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CC Sabathia downplays velocity talk, says he's ahead of last year

Yankees starting pitcher CC Sabathia throws a pitch

Yankees starting pitcher CC Sabathia throws a pitch during the second inning of an exhibition baseball game against the Philadelphia Phillies on Saturday, March 1, 2014 in Tampa, Fla. Credit: AP / Charlie Neibergall

TAMPA, Fla. - CC Sabathia suffered through the worst season of his career in 2013, one he's described in harsh terms.

"Embarrassing" usually leads the pack.

But what the lefthander wouldn't do last year -- and the topic already is wearing on him -- is use his diminished velocity as an alibi.

"My fastball is what it is," said Sabathia, who started and threw two scoreless innings in the Yankees' 4-0 victory over the Phillies Saturday at Steinbrenner Field. "If it gets better, it will; if not, it won't. I can pitch. I'm fine. As long as I'm healthy, I'll be good."

Sabathia was not good at all in 2013, when he went 14-13 with a 4.78 ERA and had a fastball that regularly sat at 89 to 91 mph, down from the 93 to 95 he featured for much of his career.

Sabathia, however, never blamed that for his struggles. Instead, he said Saturday, he got into trouble when he tried to overcompensate after having surgery to remove a bone spur in his pitching elbow after the 2012 season. It impacted his offseason throwing program, causing him to enter 2013 spring training with the feeling that he was behind.

He said he got into bad habits that affected his release point, which contributed to his fastball cutting back over the plate, a combination that led to a career-worst 28 homers allowed.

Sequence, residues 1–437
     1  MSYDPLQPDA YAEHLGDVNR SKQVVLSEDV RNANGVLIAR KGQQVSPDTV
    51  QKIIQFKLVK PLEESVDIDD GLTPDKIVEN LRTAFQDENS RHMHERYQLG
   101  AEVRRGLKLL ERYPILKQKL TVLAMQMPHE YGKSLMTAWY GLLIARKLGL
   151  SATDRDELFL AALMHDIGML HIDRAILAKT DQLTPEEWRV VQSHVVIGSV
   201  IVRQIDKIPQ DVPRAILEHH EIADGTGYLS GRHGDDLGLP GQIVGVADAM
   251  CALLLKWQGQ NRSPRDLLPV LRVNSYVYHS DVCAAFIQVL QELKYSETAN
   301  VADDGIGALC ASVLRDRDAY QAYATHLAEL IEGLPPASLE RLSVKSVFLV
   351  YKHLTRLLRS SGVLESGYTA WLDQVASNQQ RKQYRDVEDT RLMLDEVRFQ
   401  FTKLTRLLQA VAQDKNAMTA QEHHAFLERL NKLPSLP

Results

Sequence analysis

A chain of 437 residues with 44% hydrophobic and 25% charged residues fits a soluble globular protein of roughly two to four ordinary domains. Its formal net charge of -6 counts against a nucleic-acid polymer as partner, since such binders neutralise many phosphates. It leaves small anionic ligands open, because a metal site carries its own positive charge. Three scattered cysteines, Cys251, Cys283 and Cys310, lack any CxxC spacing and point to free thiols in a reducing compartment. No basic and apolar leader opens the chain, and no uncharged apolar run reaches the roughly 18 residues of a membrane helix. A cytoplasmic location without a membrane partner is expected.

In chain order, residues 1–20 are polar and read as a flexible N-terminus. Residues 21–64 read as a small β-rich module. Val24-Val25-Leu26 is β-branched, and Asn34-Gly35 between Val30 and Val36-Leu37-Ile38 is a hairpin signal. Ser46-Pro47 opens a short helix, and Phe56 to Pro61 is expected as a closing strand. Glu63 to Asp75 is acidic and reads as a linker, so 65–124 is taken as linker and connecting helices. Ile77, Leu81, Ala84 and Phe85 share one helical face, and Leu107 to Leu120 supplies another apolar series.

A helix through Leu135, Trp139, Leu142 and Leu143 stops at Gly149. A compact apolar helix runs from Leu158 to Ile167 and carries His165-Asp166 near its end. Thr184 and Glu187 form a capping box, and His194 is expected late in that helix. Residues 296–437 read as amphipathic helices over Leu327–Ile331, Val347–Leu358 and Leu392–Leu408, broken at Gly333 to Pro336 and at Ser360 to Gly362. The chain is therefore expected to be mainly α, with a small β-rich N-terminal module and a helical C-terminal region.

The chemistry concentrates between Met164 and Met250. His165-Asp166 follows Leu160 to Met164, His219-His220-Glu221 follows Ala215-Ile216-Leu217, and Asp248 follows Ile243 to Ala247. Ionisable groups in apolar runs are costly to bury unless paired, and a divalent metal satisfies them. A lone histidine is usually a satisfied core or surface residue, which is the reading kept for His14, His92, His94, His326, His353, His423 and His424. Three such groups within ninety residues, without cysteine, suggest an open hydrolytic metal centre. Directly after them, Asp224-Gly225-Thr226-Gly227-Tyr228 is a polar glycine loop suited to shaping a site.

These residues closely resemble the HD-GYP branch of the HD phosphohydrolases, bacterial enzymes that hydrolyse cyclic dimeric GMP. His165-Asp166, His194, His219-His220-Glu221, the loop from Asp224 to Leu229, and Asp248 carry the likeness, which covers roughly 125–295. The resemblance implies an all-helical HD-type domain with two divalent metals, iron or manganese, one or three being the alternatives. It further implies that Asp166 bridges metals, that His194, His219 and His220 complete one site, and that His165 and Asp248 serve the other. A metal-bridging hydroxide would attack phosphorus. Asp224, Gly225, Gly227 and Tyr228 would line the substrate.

"I think I was trying to protect it early in the year, last year in spring training, and got into bad habits," he said. "My release point was a lot different than this year. I'm not worried about my elbow, my shoulder. Everything feels good . . . I feel right now like I did at the end of spring last year. I'm definitely ahead of where I was last year, so I feel good."

An offseason conditioning program also brought him to camp significantly slimmer -- 275 pounds instead of the 290 he weighed when he showed up last year, which already was 25 fewer than his usual 315.

"My arm strength is a little more," Sabathia said. "Been throwing all offseason. My fastball is coming along a lot faster than last year. Off-speed pitches are a lot better. The changeup looked good today. I just need to keep working."

Sabathia's fastball rested in the range of 87 to 89 mph Saturday, though one opposing team scout had him peaking at 91. But Sabathia didn't especially like discussing his fastball velocity last season and isn't warming to it this year, either.

Asked what he expects his velocity to be this year, he said "where it is," adding that the media made "way too much" of it last season.

His manager agrees.

"That was something people wanted to make a ton about last year, and I'm not going to make much of it," Joe Girardi said. "To me, if he's downhill and locating, I don't care what his velocity is. He's going to get people out."

Sabathia, who allowed two hits and no walks and struck out one Saturday, said he was most pleased that his fastball consistently went where it was supposed to, without the cut action so prevalent in 2013.

"Everything stayed true," he said. "The ball stayed true and I was behind everything, and the arm feels great. I'm just going to keep working and try to make my pitches better and take it into the season."

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